How the Chicago Bulls' Offense Got Worse Under Fred Hoiberg
Last offseason, the Chicago Bulls fired Tom Thibodeau after five seasons as the team’s head coach.
In his first season, the Bulls won 62 games and lost in the Eastern Conference Finals to the Miami Heat.
They were the 1 seed in the East his first two years at the helm, and even with two separate knee injuries to Derrick Rose, the Bulls weathered the storm. Thibodeau drove those teams to three separate seasons of at least 50 wins and playoff appearances in all five seasons.
However, his wonky rotations and more importantly, his clashes with the front office led to his dismissal before the 2015-16 season. The team's Vice President of Basketball Operations, John Paxson, wanted a coach who would improve Chicago’s offense, (or take orders from the front office), which was seemingly the one hurdle this Chicago team needed to overcome to get to the NBA Finals.
The Bulls hired Fred Hoiberg, who had no professional coaching experience despite playing eight seasons in the NBA in hopes that he could be the guy to take the Bulls to the top.
Hoiberg was supposed to elevate this talented team to elite offensive status, but instead, injuries, inconsistency, and regression on offense has led to a full collapse. The Bulls are now in danger of missing the playoffs for the first time in 12 years.
With basically the same roster as last season, that begs the question: how did this happen?
When you take a look the team's Offensive Rating (ORtg) and Dean Oliver's Offensive Four Factors -- Effective Field Goal Percentage (eFG%), Turnover Rate (TOV%), Offensive Rebounding Rate (ORB%), and Free Throws per Field Goal Attempt (FT/FGA) -- there is no denying that the Bulls regressed on offense under Fred Hoiberg compared to Tom Thibodeau.
Chicago went from 11th in Offensive Rating to 24th this season. They saw a slight dip in shooting percentage, but the biggest dips came in Offensive Rebounding Rate and their Free Throws per Field Goal Attempt.
In the 2014-'15 season, Chicago ranked 5th in Offensive Rebounding Rate and 3rd in Free Throws per Field Goal Attempt, and this season they fell to 14th and 28th, respectfully, in those two categories.
Injuries, of course, played a role this season. Rose, Jimmy Butler, Mike Dunleavy, Joakim Noah and Nikola Mirotic all missed huge chunks of time, with Noah ruled out for the season. However, while injuries surely played a factor, they are not an excuse for why this team fell so far.
While most observers suggested that the Bulls would lose some of their defensive identity they had developed under Thibodeau, the thought in basketball circles was that the Bulls' improvements on offense would offset their regression on defense.
Instead, the Bulls got worse on offense and got slightly worse in defense under Hoiberg.
Here is a look at Chicago's Defensive Four Factors from last year to this year.
The most surprising statistic from this year to last was that the Bulls stayed relatively the same in almost every category except Defensive Rating. They remained in the top 10 in opponent eFG%, Defensive Rebounding Rate and opponent FT/FGA.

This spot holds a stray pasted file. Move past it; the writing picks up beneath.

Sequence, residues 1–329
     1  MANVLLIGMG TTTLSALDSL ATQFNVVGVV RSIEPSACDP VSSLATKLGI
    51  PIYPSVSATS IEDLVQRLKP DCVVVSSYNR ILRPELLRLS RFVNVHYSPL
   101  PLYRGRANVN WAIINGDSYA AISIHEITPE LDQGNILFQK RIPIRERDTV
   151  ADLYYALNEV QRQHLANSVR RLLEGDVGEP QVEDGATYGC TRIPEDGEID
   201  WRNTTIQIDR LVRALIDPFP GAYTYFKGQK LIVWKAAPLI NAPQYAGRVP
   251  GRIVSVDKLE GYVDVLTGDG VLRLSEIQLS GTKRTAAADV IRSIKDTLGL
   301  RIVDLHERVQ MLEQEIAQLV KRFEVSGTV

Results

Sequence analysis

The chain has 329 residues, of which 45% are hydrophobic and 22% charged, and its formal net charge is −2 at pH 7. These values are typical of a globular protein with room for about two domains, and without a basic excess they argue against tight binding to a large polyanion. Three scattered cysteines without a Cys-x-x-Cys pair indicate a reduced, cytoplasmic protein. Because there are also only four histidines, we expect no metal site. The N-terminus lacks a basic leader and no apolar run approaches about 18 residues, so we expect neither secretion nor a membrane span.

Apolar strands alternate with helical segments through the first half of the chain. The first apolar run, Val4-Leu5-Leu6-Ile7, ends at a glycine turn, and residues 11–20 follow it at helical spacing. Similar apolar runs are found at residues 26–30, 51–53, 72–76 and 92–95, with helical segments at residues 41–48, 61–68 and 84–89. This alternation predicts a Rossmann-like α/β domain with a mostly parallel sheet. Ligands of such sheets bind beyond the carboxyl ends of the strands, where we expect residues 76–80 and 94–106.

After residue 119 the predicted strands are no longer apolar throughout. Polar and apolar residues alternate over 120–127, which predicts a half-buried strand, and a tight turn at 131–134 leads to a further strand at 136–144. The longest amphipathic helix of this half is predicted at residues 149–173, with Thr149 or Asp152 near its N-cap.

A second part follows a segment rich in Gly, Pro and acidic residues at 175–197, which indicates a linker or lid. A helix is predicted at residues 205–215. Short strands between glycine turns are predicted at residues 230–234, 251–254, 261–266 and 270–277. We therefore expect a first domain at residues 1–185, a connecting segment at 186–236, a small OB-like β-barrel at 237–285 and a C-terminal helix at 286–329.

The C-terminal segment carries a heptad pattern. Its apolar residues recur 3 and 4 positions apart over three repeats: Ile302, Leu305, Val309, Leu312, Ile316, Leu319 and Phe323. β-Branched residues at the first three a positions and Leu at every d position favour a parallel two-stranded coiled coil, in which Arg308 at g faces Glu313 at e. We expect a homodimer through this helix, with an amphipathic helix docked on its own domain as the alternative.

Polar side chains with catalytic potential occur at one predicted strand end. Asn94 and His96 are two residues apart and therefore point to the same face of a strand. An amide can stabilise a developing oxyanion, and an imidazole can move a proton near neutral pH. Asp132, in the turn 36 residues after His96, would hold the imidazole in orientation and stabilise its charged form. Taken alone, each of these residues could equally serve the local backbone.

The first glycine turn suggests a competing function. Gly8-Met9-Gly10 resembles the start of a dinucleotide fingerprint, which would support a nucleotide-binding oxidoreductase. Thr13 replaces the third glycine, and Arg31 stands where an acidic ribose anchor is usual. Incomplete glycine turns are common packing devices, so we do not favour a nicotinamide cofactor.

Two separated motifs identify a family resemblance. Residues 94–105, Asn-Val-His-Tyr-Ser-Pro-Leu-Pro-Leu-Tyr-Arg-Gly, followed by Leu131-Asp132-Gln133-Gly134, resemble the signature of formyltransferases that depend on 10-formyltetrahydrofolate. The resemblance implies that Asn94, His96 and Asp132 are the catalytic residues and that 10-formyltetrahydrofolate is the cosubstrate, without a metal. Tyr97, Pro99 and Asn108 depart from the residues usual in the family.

While Chicago is giving up 103.2 points per game this season compared to only 97.8 in 2014-15, their Pace has increased to 96.1 possessions per 48 minutes this season compared to 92.8 last year.
However, since the All-Star Break, the Bulls are giving up more than 106 points per game, and they are 9-11 in those 20 games.
Can Chicago Still Make the Playoffs?
Chicago now faces a position they haven't seen in over a decade. Their playoff chances are about slim to none. After losing three straight games, including getting blown out by a Magic team missing their two best players, our projections have the Bulls' playoff chances down to 15.8 percent.
Chicago ranks 19th in our power rankings with a team nERD of 43.1, which is predictive of their ultimate winning percentage, and their chances of winning the NBA championship have hit zero, according to our algorithms.
Needless to say, the Bulls have been the biggest disappointment of any team this season. The Eastern Conference has improved a lot this year, which could have something to do with the Bulls' regression. Excluding the Bulls, the East's winning percentage improved to 49.4 percent this season compared to 45.9 last season.
However, the Bulls once again played down to their competition at times this season. They are only 17-15 against the other non-playoff teams in both conferences.
While Paxson and the Bulls likely won't fire Hoiberg after one season -- especially with all of their injuries and even more because of how badly things ended with Thibodeau -- Chicago is heading into an offseason of uncertainty.
Pau Gasol is likely to opt out of his contract, Noah will be a free agent, and Rose will be entering the final year of his contract. The Bulls could easily reload and make another run at the East next season, but the possibility of going through a sell-off and rebuild during the summer is becoming more likely with every passing loss.